The Wedding Year – With movies like 21, Red and Legally Blonde under his belt I’m really surprised that this new Robert Luketic film slipped completely under the radar but, honestly, the cast isn’t comprised of huge stars and the story sounds pretty so-so. Modern Family’s Sarah Hyland and The Walking Dead alum Tyler James Christopher star in this rom-com about a commitment-phobic 27-year old whose relationship is put to the test when she and her new boyfriend go to 7 weddings in the same year and while I want to believe in former Community writer Donald Diego’s script, the trailer looks so bland. Heck, even the critics are kind of split on this one.

American Woman – Some performances are so good that one face value they appear to be better than the film around them and this is kind of the case with this new Sienna Miller movie. She plays a young grandmother who is forced to care for her young grandson when her daughter goes out one night and never returns. As the years pass, she goes from an ageing party girl to a woman driven to get her life together and ride herself of toxic partners as her devotion to her grandson takes center stage in her life. Miller is surrounded by a great cast including Christina Hendricks, Aaron Paul and Will Sasso but she is consistently the brightest part of this movie.

Danger Close – We’re heading back into the jungle for more of the Vietnam War but this film is from the point of view of young, brash and totally inexperienced soldiers from Australia and New Zealand as they try to take control of a Vietnamese rubber plantation called Long Tan in August of 1966. Featuring the star of the recent Point Break remake Luke Bracey and Vikings’ Travis Fimmel, the movie really digs into how cocky but green these soldiers were, 108 pieces of fresh meat who had no idea of the carnage the Vietcong had in store. The movie is a little underproduced but the actors make the story compelling and the script comes from Stuart Beattie who penned Collateral for Michael Mann.

I’ll Never Forget You: The Last 72 Hours Of Lynyrd Skynyrd – I love that I’ve been getting all of these cool music documentaries from Shout Factory, Kino Lorber and MVD Entertainment, giving a very cool background to a lot of classic artists. This one though left me frustrated and annoyed as it is so under-produced and the interviews feel almost completely incoherent at times. The film is about the last moments of the band Lynyrd Skynyrd before the plane crash in 1977 that took the lives of lead singer Ronnie Van Zandt and others, the story told by Gene Odom, a childhood friend and survivor of the crash. Odom’s emotion is very present in this but his ability to string a sentence together definitely is not and it makes this hour-long documentary feel like three hours. Not recommended.

Bonanza: Season 10 Volume 1 & 2 – To add to my burgeoning collection of classic western television series I am pretty happy to cover this family show that my dad introduced me to as a kid. A season that is almost three quarters through the show’s entire fourteen-year run, this is the iconic story of the Cartwright family and their Nevada ranch featuring the bigger than life stars Lorne Greene and Michael Landon, these episodes focusing on a battle with the government over deforestation, a wrongful accusation of murder against Hoss and much more drama in this frontier family’s life. The classic television fans are going to be all over these two box sets.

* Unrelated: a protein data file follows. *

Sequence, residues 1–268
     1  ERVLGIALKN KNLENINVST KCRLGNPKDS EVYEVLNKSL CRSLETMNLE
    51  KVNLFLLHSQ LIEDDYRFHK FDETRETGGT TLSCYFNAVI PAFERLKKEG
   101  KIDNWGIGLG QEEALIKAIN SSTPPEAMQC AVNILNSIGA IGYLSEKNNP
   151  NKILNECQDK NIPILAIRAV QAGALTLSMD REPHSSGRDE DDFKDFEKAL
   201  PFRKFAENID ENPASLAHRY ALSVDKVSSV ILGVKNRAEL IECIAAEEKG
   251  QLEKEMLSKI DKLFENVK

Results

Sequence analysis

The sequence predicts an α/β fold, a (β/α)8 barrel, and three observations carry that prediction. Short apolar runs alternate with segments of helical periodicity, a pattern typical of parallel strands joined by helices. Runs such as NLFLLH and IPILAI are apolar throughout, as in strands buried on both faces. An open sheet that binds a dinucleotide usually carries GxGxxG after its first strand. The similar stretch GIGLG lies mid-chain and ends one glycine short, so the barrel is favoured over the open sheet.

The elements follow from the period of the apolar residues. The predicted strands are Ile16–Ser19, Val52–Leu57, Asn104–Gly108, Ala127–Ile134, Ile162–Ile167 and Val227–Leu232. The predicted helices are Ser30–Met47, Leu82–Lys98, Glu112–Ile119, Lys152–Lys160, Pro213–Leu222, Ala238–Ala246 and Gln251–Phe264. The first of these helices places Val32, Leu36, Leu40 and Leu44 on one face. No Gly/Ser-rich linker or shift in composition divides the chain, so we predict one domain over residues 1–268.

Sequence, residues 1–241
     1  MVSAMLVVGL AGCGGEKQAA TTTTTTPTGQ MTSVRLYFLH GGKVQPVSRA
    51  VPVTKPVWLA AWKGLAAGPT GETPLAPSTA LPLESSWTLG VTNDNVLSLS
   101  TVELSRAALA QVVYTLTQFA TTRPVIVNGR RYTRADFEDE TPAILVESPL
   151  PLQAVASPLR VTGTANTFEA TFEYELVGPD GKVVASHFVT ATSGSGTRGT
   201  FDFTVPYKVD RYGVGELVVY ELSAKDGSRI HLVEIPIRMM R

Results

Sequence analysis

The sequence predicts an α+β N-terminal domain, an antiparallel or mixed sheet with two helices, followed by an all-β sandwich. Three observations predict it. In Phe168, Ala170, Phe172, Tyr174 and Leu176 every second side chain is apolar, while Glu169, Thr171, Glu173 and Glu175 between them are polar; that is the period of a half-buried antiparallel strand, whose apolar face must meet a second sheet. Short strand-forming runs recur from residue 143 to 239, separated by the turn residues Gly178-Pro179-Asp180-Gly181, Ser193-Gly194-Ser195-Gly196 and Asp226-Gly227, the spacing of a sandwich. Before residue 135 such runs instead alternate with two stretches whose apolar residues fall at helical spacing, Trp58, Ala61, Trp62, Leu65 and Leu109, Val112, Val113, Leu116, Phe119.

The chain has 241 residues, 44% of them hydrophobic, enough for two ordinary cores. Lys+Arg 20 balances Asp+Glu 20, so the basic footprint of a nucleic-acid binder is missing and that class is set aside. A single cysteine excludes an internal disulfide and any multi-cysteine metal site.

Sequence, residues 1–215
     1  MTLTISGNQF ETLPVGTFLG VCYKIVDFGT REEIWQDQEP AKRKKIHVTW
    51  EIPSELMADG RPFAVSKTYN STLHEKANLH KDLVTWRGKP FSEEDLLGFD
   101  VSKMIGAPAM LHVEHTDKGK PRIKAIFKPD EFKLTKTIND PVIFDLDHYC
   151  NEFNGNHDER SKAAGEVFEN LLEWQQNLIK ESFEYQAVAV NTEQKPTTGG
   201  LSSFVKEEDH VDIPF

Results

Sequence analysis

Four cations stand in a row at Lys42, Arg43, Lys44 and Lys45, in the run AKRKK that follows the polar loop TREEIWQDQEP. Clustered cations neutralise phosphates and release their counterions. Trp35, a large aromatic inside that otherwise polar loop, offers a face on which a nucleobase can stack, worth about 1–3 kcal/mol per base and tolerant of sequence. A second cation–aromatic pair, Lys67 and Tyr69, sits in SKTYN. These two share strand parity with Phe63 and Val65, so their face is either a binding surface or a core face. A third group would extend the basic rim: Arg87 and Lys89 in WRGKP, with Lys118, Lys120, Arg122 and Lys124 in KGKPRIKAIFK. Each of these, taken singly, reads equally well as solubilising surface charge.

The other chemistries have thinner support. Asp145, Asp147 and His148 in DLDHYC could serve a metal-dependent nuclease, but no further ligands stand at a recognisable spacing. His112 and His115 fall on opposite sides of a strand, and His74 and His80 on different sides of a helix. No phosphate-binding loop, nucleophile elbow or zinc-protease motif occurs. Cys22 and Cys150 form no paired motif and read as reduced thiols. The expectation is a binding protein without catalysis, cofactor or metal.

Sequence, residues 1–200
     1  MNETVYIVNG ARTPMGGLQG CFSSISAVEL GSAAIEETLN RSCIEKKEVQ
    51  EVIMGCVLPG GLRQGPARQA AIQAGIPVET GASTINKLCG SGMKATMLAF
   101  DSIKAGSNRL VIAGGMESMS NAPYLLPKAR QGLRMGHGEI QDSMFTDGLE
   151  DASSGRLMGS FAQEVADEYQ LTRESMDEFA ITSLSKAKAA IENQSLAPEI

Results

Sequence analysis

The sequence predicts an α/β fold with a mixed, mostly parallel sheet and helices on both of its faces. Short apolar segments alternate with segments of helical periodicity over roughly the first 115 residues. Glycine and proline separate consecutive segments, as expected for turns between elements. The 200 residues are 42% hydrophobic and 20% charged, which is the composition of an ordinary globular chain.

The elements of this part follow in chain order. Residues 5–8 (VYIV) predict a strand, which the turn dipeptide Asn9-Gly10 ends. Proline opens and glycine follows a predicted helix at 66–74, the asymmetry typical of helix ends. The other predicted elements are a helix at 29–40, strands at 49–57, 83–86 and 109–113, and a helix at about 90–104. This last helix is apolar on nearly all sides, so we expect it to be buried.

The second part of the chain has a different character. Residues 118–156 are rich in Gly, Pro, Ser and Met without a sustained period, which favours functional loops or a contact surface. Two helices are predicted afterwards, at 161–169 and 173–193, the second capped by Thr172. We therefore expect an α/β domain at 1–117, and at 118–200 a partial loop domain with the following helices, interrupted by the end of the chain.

Universal Horror Collection: Volume 3 – Another round of classic Universal horror has made it’s way to Blu-ray thanks to those great people at Shout Factory and its a mixed bag of a foursome. Basil Rathbone and Boris Karloff star in the first movie, Tower Of London, a film that would be remade later by Roger Corman and Vincent Price. The second film, Man-Made Monster, is a creature feature that has the great Lon Chaney Jr. in it and Horror Island, an old-style slasher movie from the same director is the third movie. Finally, rounding out the set is The Black Cat, an adaptation of the iconic Edgar Allan Poe story with both Bela Lugosi and Boris Karloff. Again, Shout is delivering the goods with their box set.

Steve’s Blu-Ray Geekout:

Lethal Weapon: Season 3 – Talk about a series in turmoil, this now-cancelled show had a real PR problem on its hands with Clayne Crawford who played Martin Riggs, the role originated by Mel Gibson. He was given the boot and Seann William Scott stepped into the vacant spot next to Damon Wayans’ Roger Murtaugh as Wesley Cole, a former CIA agent, and you know what? It still worked for me. The banter between the partners will always sell me and maybe it’s just how great Wayans is but he has great chemistry with both of his leads. The fact that this was brought to television by Matthew Miller, the guy behind the woefully underrated series Forever is an added bonus.

Popeye The Sailor – The 1940s: Volume 3 – We’re going back to the original golden oldies of animation this week with the third collection of the ultimate hero when it comes to putting down muscular bullies, Popeye The Sailor Man. It is really fun getting hooked up with all of these classics as my daughter had never even heard of Popeye and now she sees this funny old looking dude throwing spinach back and defending the defenseless. It’s like a moral message from another era that still holds weight, how crazy is that?

Nocturnal Animals – Tom Ford made a gutsy film choice for his second feature film that starts off with one of the more interesting opening shots in modern film history. Amy Adams and Jake Gyllenhaal lead a stacked cast that tells two very different stories, one side being Adams character, an art dealer who is reading through the new book from her novelist ex-husband and the other side is that book itself. While the culmination of these stories is a little less than desired, this film is a tension-filled thriller that keeps you engaged in it’s almost Bret Easton Ellis style nihilism. A sight to behold on the big screen, this Blu-ray is still totally gorgeous.